“Offer them to employees, much as you would offer financial education generally,” Reinemann advises. “Many workplaces offer programs to connect you with resources for counseling or health care, and it seems to me there may be a file in a personnel person’s drawer that says this or that employee has a student loan issue.”
For example, the state of Wisconsin has a website, lookforwardwi.gov, aimed at the whole question of financing a college education, and there are a number of audiences at whom the website is aimed. Some are the families of young children who should be planning for college. Some are older students who are making a college decision, and some of them are people with large amounts of debt.
“There are sources on that website for people who want to pursue what they need to do to better manage their student debt, and by better manage, I’m being a little vague on purpose,” Reinemann says, “but better management can include refinancing options. It’s often possible after a year or two in the workplace, a bit of a credit record, to go to a lender and say, ‘I have this package of student debt that I’d like to refinance,’ and often you’re going to do a little bit better than when the loans were first issued.”
The website also is educational, as it tries to draw a distinction often lost on people — the difference between refinancing student debt and consolidating it. “Refis” are a clear-cut option, as people borrow money to pay off the old loans. Refinancing can include consolidation, where a borrower has several loans at varying interest rates made into one loan repayment at (hopefully) a lower interest rate. “You want to get away from paying many different people and make one payment a month, but obviously if you can consolidate and also obtain better financing terms, you would do that,” Reinemann notes. “It’s just good, common sense.”
Lookforwardwi.gov also provides a list of lenders who are willing to offer student loan refinancing products, and they are not just state-chartered community banks. Credit unions are very well represented.
There also is the federal government’s loan forgiveness program for public employees. It only applies to federally subsidized student loans and only to people working broadly in government service, but it’s a large program that people should consider. “You have to make payments for 10 years and be regularly on time before you get your forgiveness,” Reinemann says. “They are not going to wipe away everything.”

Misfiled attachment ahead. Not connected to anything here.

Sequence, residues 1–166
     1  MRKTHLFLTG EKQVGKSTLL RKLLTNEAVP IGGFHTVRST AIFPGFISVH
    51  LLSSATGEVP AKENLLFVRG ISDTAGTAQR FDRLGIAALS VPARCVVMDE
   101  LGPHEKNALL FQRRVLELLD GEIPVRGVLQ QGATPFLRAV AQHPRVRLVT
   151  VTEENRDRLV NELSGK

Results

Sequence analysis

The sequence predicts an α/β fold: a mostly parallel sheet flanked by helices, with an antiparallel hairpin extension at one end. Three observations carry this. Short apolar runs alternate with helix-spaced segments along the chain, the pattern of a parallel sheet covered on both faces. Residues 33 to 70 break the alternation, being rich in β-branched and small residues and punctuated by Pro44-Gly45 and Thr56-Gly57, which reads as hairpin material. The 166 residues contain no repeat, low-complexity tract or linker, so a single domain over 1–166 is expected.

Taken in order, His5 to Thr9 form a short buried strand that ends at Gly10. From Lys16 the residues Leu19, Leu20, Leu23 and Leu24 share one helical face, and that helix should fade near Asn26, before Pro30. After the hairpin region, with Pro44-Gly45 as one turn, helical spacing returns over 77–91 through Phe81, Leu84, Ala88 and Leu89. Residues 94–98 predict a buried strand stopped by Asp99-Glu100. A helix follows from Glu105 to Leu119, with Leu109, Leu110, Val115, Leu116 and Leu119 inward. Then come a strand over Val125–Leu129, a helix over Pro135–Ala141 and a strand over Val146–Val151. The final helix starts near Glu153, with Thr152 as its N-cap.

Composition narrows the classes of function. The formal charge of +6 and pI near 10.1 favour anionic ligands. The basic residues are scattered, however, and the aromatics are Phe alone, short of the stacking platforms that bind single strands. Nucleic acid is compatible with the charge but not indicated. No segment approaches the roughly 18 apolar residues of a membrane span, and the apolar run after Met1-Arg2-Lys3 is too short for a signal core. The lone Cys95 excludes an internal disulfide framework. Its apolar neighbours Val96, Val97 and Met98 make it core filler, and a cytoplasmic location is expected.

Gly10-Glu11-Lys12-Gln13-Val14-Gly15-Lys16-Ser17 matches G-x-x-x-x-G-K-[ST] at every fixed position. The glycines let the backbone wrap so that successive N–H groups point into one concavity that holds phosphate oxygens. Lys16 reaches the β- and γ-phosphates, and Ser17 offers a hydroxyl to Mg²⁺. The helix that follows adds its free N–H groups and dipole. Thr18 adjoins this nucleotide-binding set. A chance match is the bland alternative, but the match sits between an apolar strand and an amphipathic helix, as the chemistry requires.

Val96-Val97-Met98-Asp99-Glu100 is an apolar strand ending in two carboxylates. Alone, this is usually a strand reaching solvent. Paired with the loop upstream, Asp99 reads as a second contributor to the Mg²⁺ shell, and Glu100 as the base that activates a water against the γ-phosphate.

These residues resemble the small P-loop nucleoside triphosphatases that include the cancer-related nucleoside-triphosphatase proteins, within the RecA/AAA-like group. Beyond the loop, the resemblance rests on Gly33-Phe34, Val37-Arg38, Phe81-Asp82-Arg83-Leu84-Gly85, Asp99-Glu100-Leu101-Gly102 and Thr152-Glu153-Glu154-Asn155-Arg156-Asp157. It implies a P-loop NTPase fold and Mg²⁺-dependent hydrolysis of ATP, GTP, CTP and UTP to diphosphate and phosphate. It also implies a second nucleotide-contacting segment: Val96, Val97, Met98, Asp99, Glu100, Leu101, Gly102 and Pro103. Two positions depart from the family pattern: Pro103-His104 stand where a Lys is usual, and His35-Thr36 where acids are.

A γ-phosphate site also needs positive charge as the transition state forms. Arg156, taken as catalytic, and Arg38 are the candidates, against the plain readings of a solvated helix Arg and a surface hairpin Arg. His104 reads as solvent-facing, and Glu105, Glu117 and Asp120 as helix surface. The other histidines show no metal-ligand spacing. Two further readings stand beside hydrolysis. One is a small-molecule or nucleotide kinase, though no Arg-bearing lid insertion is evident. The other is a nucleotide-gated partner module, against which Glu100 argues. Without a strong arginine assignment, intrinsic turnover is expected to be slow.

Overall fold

One resource that has expired is the federal Perkins loan program, a low-cost (5% interest rate) program that has provided financial aid packages to thousands of Wisconsin students. Derek Kindle, director of the Office of Student Financial Aid at UW–Madison, would like it to be extended at least on a temporary basis.
“At this time, we have seen no national or statewide initiatives to replace the Perkins loan program,” Kindle says. “Our understanding during the 2015 Perkins extension conversation was that Congress would re-evaluate Perkins within the larger Higher Education Act (HEA) reauthorization to better reflect the needs of our students and families, which we believe we would be a sensible and considerate approach. Because Congress has not tackled HEA Reauthorization, they should support a two-year extension. Allowing the program to expire is detrimental to our most financially vulnerable students and families.”
#6: Financial tutoring
Sometimes, future employers can help interning students while they are in college by helping them learn how to more effectively manage money while they are in school, and they provide financial education to existing employees so they can stop digging themselves into a deeper debt hole.
According to Sponem, whose credit union has promoted financial literacy in local schools and among its members, it’s important for students to understand what to borrow money for, what expenses they really need to pay for out of pocket, what scholarships are available, especially after the first year, and what standard of living is appropriate in school.
“Paying too much for housing, as an example, can add a significant amount to student loan debt,” she states. “Students sometimes get sucked into the idea that they need a really nice place to live during college, and they are surprised to find out when they graduate that their actual standard of living just went down.”
Providing insight on the earnings potential of different career choices and weighing that against after-graduation expenses can help students plan and think about how much they can reasonably borrow, she adds.
The components of a good financial literacy program depend on the student and/or employee; it’s not a one size fits all. Summit offers several different financial education programs and delivers them in a variety of ways because some people want an actual classroom program while others just want tips along the way (just-in-time learning) and others want experiential learning opportunities.
“What’s really important is that we are there at the time people are making a decision,” Sponem explains. “If they are going to be doing something different or new, then we are there to help guide them and talk them through it.”
No matter how much student debt has been incurred, one bit of advice is that it’s unwise to put off a 401(k) account until after student debt is paid off. This temptation always will be there, but if the employer offers company matching, Sponem says young workers are better off adjusting their lifestyle for a few years. Saving for retirement is habit forming and it should be a life-long habit because it will put people in a much better long-term position.